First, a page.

A swath of land 160 miles long by 2.5 miles wide cutting diagonally across the 38N parallel since 1953, clearly demarcating the border between communist North Korea and democratic South Korea. The most heavily militarized border in the world, this barrier divides the Korean peninsula along ideological lines. Not only is traditional diplomacy ignored between these two nations, but other states are required to monitor the area through the Neutral National Supervisory Committee, composed of members of the Swiss and Swedish Armed forces. Soldiers from both sides are allowed to patrol this "no man's land" but neither may cross the Military Demarcation Line.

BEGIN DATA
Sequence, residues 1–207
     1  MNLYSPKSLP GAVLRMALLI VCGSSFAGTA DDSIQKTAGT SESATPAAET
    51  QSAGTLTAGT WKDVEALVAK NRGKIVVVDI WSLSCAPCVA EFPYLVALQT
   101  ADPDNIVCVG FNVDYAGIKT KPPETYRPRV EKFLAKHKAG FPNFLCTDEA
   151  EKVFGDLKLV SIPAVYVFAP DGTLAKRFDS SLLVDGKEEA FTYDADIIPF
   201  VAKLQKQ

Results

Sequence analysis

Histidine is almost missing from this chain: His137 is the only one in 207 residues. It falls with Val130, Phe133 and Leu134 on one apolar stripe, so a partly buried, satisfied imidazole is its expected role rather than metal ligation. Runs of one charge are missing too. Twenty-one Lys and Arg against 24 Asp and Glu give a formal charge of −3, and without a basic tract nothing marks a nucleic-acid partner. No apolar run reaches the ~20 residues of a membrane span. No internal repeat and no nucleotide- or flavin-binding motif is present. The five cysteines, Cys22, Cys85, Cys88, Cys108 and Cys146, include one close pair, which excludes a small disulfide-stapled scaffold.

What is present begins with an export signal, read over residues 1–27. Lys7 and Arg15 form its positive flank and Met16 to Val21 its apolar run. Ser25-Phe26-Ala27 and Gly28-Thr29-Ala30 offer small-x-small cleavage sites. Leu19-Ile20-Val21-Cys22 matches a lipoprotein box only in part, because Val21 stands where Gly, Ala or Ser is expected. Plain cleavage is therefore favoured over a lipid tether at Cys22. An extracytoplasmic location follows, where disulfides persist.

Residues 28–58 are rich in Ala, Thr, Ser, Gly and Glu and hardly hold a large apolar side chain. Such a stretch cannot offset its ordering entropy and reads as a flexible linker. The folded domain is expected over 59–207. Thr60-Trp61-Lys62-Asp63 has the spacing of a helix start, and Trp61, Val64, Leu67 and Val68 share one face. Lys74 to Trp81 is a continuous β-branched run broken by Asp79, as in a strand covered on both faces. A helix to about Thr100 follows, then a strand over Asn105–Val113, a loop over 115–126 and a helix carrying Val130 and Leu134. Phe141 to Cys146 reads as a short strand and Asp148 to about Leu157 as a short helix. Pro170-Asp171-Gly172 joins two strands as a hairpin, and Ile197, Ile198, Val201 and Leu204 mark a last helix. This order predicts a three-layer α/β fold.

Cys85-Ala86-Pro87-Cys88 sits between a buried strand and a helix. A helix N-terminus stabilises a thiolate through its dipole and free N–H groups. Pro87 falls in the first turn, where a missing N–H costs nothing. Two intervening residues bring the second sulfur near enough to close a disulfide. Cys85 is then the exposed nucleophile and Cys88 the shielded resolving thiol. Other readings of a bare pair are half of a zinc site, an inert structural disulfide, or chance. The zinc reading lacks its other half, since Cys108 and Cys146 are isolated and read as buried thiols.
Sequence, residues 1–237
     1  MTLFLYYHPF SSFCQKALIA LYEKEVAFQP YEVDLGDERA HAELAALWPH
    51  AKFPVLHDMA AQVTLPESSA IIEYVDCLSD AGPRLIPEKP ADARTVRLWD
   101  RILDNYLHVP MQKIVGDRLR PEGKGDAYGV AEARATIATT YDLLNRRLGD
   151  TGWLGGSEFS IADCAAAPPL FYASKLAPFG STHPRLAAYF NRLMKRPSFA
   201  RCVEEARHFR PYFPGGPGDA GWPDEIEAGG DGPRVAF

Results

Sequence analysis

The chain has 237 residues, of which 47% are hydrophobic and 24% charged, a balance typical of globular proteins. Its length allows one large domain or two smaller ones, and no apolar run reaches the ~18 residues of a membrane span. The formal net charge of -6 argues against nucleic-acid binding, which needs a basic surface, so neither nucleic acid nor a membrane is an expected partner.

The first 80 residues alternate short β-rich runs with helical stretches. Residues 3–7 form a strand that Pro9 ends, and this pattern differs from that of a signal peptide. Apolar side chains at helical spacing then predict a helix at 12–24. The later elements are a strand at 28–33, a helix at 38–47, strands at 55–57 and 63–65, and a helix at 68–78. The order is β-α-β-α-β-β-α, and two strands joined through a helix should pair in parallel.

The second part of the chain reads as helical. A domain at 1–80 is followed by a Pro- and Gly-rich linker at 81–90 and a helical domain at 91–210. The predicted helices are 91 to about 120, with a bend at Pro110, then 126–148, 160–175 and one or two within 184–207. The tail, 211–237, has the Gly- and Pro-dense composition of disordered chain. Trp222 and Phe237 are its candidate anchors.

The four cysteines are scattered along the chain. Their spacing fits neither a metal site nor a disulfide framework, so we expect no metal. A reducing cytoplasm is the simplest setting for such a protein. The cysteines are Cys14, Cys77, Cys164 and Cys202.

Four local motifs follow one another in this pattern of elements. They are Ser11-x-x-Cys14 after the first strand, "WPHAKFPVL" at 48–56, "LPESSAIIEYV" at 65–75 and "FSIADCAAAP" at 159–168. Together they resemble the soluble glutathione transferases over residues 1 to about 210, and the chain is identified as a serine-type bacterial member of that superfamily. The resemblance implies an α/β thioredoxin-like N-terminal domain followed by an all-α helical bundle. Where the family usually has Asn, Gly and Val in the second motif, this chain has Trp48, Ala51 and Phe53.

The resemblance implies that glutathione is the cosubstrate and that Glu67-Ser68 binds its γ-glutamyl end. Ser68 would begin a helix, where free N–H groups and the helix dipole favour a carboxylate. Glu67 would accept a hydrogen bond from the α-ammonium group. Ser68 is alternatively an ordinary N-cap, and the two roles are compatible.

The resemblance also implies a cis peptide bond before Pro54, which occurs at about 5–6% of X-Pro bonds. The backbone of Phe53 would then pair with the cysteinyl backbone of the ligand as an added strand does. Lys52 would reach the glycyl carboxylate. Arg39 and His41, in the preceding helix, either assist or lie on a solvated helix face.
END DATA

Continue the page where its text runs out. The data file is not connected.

North Korea increasingly seems dissatisfied with the diplomatic truce; they have attempted to build tunnels underneath of DMZ on four occasions and utilize surrounding buildings as propaganda tools to assert what they deem is a superior ideology.
This residual space that is unsafe for human occupations has resulted in an unintended nature preserve full of rare and exotic species who have been spared due to human political strife.